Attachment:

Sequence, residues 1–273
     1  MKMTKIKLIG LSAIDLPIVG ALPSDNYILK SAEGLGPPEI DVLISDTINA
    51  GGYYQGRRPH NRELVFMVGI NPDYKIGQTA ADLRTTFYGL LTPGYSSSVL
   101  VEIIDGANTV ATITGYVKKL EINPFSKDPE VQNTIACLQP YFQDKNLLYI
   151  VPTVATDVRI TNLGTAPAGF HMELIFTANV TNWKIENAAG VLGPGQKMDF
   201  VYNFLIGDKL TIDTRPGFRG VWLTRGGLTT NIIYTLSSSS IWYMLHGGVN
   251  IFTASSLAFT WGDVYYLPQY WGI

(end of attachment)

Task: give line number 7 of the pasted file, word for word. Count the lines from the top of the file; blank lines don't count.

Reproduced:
   251  IFTASSLAFT WGDVYYLPQY WGI